Forbes Traveler top 400 hotels
Jul 17, 2009
The world's most distinguished travel experts pick the finest hotels
"A once-in-a-lifetime experience that sets a new standard for over-the-top luxurious hotels. This is a masterpiece. If you want to see what living like a billionaire is like—just once in your life—stay here."
"In 35 years of hotel design and visiting, this is the best hotel experience I have ever had. Such a wonderful location and such wonderful service—it was a magical experience. I was heartbroken to leave."
"Truly one of the most beautiful spots—and hotels—in the world. What more can I say?"
These are just three of the many comments we collected from the Forbes Traveler 400 board of travel experts who determined the 2008/2009 list of the world's top luxury hotels. You're just dying to know which hotel they're talking about, right? Well...to paraphrase the Bard, there's the rub.
When we first published this groundbreaking list two years ago, we broke rank from the other travel magazines and websites that place great emphasis on mathematically ranking the best hotels in the world. Statistically speaking, the only way to make such a claim is to ask several thousand people for their opinions. The world's best hotels, then, are often ranked by a sea of anonymous web surfers.
Turning to the crowd is good for certain tasks. When you can't remember the capital of Belarus, ask everyone on the bus. Someone will probably remember it's Minsk (a fifth-grader, no doubt). But when picking the right hotel means the difference between an unforgettable trip and an unforgiving spouse, shouldn't you ask people who stay in luxury hotels once or twice a week—not once a year?
Australia, New Zealand & South Pacific
Hiking, horseback riding, kayaking, skiing, fishing—all are just moments away. Granted, the stone-and-timber lodge, with its 30-foot-high Great Room, looks more like it belongs in the Rocky Mountains than the Southern Alps (as New Zealand's South Island mountains are known), but it's such a beauty that no one's going to quibble about local design. Plus, the surrounding scenery (the location for the Lord of the Rings saga) is so staggering in its jagged-mountain and glassy-lake drama that you're grateful for the tall windows to take it all in.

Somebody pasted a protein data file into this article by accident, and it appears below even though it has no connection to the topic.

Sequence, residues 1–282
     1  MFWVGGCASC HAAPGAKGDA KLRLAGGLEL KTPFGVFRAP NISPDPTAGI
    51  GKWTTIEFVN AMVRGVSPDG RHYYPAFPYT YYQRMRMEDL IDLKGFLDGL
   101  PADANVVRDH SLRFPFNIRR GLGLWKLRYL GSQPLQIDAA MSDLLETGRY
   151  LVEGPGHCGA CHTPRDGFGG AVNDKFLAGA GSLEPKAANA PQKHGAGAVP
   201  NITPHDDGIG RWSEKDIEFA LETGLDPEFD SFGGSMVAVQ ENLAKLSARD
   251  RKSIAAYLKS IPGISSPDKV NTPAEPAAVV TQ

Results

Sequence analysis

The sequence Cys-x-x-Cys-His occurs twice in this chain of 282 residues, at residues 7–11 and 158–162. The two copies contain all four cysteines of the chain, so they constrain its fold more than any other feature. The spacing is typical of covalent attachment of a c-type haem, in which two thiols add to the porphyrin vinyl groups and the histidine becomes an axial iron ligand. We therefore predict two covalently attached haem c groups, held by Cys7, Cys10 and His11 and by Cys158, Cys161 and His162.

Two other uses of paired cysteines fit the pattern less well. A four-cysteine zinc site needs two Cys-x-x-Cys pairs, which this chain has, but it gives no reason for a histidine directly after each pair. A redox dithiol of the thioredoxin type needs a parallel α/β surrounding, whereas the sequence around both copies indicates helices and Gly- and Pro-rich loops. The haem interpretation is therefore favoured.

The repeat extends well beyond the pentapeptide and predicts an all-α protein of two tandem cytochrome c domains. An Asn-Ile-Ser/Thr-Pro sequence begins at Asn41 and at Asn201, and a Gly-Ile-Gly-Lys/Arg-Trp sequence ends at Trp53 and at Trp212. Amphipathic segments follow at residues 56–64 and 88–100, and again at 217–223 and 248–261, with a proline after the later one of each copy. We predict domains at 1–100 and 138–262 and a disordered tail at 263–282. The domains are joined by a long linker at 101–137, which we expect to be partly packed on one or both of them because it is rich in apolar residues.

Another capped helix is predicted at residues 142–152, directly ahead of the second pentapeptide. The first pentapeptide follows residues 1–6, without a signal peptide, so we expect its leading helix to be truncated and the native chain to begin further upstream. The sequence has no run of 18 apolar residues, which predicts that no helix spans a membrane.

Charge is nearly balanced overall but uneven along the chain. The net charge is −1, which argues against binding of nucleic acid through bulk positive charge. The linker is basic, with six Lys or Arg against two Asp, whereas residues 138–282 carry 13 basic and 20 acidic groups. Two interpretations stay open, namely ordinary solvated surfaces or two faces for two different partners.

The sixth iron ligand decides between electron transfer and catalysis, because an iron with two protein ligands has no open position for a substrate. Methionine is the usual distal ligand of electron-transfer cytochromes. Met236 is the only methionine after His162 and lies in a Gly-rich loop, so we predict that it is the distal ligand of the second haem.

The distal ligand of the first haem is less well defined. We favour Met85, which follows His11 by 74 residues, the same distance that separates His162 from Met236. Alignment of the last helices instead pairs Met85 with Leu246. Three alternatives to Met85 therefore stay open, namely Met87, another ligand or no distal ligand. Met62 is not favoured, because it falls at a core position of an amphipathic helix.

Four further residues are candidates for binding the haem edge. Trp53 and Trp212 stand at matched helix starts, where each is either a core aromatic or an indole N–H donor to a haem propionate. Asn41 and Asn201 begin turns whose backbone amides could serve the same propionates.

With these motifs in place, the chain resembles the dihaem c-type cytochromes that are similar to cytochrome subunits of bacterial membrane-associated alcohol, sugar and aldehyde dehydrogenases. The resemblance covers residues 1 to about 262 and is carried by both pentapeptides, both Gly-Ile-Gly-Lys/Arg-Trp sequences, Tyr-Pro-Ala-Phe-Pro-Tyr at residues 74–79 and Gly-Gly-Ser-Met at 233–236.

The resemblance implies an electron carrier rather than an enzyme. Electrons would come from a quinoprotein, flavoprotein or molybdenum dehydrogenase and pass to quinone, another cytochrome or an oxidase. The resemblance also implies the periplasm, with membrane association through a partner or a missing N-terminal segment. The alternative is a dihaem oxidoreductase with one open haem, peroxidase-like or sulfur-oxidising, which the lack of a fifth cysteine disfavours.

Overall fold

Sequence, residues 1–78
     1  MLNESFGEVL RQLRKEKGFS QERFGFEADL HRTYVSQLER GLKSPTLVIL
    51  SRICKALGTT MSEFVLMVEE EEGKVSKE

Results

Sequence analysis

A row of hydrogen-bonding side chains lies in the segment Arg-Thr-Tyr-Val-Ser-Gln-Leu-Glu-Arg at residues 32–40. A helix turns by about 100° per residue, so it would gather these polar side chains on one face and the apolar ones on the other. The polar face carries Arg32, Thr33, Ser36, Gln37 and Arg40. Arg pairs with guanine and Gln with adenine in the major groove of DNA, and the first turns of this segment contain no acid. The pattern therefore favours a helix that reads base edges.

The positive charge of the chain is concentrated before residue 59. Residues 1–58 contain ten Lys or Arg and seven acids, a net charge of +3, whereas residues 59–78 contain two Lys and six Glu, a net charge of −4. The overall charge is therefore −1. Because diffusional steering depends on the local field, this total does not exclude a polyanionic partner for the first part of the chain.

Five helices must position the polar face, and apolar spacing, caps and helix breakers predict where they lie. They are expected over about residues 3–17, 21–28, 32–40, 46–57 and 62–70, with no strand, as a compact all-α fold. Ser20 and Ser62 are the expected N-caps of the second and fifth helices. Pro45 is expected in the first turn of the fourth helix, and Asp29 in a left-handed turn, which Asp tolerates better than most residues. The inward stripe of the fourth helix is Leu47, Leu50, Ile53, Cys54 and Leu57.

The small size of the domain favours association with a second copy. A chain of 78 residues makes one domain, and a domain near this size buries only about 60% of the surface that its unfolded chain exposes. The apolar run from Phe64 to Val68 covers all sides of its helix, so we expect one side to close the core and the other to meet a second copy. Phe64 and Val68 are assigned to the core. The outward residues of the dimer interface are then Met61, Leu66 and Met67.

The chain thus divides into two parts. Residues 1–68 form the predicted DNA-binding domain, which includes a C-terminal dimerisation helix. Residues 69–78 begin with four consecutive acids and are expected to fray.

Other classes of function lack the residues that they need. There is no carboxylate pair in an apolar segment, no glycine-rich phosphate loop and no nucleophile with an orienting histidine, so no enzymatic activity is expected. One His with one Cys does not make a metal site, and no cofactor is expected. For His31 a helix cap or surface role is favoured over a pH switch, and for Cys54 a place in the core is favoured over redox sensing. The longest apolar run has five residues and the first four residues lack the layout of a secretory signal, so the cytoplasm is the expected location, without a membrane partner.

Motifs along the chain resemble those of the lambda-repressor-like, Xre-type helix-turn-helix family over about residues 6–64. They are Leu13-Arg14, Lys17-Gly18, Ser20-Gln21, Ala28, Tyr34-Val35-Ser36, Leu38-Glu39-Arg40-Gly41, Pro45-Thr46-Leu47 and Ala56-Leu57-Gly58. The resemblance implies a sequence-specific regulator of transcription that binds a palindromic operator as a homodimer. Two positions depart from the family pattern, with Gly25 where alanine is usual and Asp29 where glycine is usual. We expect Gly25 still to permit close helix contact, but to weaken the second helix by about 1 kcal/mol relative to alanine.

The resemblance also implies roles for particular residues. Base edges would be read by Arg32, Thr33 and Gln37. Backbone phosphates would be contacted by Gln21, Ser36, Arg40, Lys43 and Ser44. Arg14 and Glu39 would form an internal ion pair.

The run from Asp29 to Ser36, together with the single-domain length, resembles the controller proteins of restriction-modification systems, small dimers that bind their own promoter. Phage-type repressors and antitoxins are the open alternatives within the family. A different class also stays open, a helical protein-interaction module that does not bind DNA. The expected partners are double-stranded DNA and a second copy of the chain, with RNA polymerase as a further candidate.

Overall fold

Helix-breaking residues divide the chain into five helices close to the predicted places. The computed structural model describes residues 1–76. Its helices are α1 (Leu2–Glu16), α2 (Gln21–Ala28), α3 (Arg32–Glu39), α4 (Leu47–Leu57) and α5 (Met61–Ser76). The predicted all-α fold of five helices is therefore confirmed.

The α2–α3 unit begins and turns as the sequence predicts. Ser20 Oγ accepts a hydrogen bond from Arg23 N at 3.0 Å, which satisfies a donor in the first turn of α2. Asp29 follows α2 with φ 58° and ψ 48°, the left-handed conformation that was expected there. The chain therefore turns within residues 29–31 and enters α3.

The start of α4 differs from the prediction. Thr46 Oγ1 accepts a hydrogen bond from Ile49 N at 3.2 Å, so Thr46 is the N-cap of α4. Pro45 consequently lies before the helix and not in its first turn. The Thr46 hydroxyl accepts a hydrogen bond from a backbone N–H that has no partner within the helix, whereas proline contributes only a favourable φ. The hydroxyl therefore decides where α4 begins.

The term "wide-open spaces" could also apply to the interiors, where the five smallest rooms, the lodge rooms, are 580-square-feet, with balconies for lounging and admiring the view of Lake Wakatipu and the mountains. Decor is plush but simple: natural-fiber rugs and cushy chairs in neutral colors, with the odd basket or wood table for accent. Lodge and Chalet suites go up to 700-square-feet; though that's not a big jump in size, two features make it worth the upgrade: gorgeous stone fireplaces and a sprawling 400-foot terrace to take in the view.
The staff here are very low-key and friendly, but don't mistake that for laissez-faire; if you need a helicopter the next morning for sightseeing or heli-fishing, or in a different season, a private guide for skiing or heli-skiing, they can arrange it.
The food is prepared by an all-star line-up of award-winning local chefs, and fits in with the general mise-en-scène: sophisticated but casual, refined without calling too much attention to itself. Perfectly grilled fish or venison in a red wine sauce might turn up on the menu served at individual tables (unlike the communal dining experience common at many New Zealand lodges) in the lakeview dining room. There's also a small spa for after-activity massages and a pool, both with large windows or open to the air for outdoor views. There's a terrace overlooking the lake for cocktails or, if the weather turns chilly, an indoor lounge with a great roaring fireplace, a perfect place to wind down after a rugged day.
Visit http://www.forbestraveler.com/forbes400/ to see The Top 400 List and meet the panel of judges.